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Kamuzu Barrage: Malawi’s lifeline

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By Gospel Mwalwanda, Contributor:

WITNESSED KAMUZU OPEN LIWONDE BARRAGE — Matilda (right) and Leliya

The two sisters were there when the old Kamuzu Barrage on the Shire River at Liwonde in Machinga District was officially opened in the mid 1960s.

And when President Peter Mutharika recently commissioned the same, but upgraded barrage, Matilda Kalonga and her younger sister, Leliya, were among the people who witnessed the event.

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Just like they did 54 years ago, the two sisters again braved the scotching sun, walking four kilometers from their village just to witness the second commissioning.

“My sister and I were here and saw with our eyes Kamuzu Banda officially open the old barrage,” Matilda said on the day, her arm around her sibling’s neck to show their sisterly affection.

As the two spoke about the importance of the barrage to the nation and recounted how they saw Banda first open it in 1965, people began to gather around them.

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“We are here again because we know this barrage is very important to Malawi,” Leliya said as she and her sister waited for Mutharika’s arrival on February 18 2019.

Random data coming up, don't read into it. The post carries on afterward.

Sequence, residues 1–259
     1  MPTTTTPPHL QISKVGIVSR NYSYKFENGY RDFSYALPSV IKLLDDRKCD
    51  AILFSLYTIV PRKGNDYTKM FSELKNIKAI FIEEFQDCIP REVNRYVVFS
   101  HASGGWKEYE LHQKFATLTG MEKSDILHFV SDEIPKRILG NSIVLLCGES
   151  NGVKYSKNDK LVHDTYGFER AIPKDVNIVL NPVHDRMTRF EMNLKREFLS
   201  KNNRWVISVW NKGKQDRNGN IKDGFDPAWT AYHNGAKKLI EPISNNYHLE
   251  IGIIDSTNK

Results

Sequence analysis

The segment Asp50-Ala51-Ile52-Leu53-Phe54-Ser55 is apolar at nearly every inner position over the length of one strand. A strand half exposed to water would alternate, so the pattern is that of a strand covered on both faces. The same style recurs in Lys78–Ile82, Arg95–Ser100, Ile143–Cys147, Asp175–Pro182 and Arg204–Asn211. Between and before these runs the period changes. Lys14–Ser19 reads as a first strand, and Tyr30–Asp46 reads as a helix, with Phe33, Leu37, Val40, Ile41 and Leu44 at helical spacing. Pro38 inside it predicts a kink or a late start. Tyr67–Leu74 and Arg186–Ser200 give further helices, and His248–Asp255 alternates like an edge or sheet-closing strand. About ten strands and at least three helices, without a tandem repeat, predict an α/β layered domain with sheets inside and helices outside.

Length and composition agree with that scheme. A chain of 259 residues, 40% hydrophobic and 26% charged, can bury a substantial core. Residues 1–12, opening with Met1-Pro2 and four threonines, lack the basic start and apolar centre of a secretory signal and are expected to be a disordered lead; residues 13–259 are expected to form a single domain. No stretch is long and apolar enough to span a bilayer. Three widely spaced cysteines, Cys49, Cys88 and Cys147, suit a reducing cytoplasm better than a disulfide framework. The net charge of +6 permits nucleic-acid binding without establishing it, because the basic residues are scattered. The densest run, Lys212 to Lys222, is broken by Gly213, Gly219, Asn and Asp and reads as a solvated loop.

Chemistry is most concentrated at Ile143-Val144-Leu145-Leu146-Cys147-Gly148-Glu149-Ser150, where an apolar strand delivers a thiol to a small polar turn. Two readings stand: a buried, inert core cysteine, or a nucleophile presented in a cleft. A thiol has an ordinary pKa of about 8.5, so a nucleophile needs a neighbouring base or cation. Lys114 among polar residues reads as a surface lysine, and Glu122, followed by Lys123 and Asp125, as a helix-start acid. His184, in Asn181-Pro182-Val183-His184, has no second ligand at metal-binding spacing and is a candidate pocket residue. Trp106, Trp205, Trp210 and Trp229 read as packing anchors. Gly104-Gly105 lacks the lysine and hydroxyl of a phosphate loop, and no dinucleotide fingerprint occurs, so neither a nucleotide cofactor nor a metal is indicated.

The two sisters may be typical villagers, but they understand the pivotal role the barrage has played over the years and continues to play in the economic development of the country.

It regulates the flow of water in the Shire River to ensure a sustainable surge for hydro power generation, irrigation, water supply and other uses. It also controls flooding in the Shire Valley.

Built alongside the Kamuzu Barrage is a bridge, an important crossing point through which large volumes of traffic pass every day along the Zomba-Lilongwe Road.

The new-look, 150-metre long barrage has been rehabilitated under the Shire River Basin Management Programme (SRBMP) with a $50 million loan from the World Bank.

SRBMP is a 15-year programme designed to develop a strategic planning and development framework for the Shire River Basin, support targeted investments to improve land and water resources management, associated environmental services and livelihoods in the basin.

There was need to rehabilitate the barrage as it had outlived its lifespan. The rehabilitation of the barrage will also increase water storage capacity to meet the needs of Malawi’s growing population.

The old barrage never had any repair works since it started functioning in 1965. It was likened to a ticking time bomb due to lack of maintenance.

“The first barrage was old and risky. We needed a new barrage here in Liwonde,” Mutharika said when he addressed a rally after commissioning the facility.

He added: “I don’t want to hear anything like ‘remote parts of Malawi’ because every region deserves development. There is no reason why some parts of the country should be considered remote. Every Malawian is important. Every Malawian deserves development.”